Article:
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Monday, December 19, 2011

Agent: Soldier's laptop had sensitive files

Agent: Soldier's laptop had sensitive files
Investigators said they found evidence Army Pfc. Bradley Manning downloaded thousands diplomatic cables, Guantanamo assessment documents, video from a controversial 2007 airstrike in Baghdad and military records of a 2009 U.S. airstrike in Gerani, Afghanistan, in which dozens of civilians were found dead.

As the evidentiary hearing for Manning entered its fourth day, the government had called 13 witnesses and was expected to ask eight more to testify before the defense presents its case. Expected to last several more days, the hearing will help determine whether Manning should be court-martialed on 22 charges, including aiding the enemy. If convicted at court-martial, Manning could face life in prison.
Manning, 24, of Crescent, Okla., is accused of giving the secrets-sharing website WikiLeaks a trove of government material while working as an intelligence analyst in Iraq in 2009 and 2010, including Iraq and Afghanistan war logs, and State Department cables.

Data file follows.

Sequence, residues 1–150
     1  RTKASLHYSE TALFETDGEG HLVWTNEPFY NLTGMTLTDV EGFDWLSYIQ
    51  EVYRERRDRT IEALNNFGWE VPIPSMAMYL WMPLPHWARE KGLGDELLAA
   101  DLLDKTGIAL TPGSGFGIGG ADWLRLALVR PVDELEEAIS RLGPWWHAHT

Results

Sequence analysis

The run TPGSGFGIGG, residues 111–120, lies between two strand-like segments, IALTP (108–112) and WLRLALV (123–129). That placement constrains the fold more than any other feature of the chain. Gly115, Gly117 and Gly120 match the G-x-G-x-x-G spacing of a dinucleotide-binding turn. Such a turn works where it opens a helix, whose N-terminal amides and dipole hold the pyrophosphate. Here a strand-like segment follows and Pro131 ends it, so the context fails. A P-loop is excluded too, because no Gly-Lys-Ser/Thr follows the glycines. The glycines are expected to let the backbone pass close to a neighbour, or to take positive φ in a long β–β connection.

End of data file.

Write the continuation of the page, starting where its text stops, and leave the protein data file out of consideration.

On the stand Monday, digital-crimes investigator David Shaver said he recovered more than 100,000 State Department cables and other sensitive information on a secure computer that Manning used.
The cables were contained in a deleted .csv file, ordered by a message record number that indicated the embassy where they originated.

"It seemed like someone wanted to make sure they got all of them," said Shaver, who is special agent with the Computer Crime Investigative Unit of Army Criminal Investigation Command.
In open session, prosecutors and defense attorneys sparred over the potentially damaging evidence. Under cross examination, Shaver said to defense attorney Capt. Paul Bouchard that some of the cables did match those published by WikiLeaks. The damaged file could only be opened with special tools, which could explain why those documents weren't published.

Based on an examination of Manning's computer, Shaver said he recreated Manning's searches, which led to downloads of detainee assessments that have been published by WikiLeaks.
On Manning's personal laptop, a MacBook Pro, CCIU investigator Mark Johnson said he found chat logs between Manning and hacker Adrian Lamo.

On Sunday, Shaver said in court that "it stood out" that on one of Manning's laptops, Firefox's homepage was set to Intelink, considered the main search engine for the U.S. intelligence community's secure networks, and that it was set not to record its browsing history.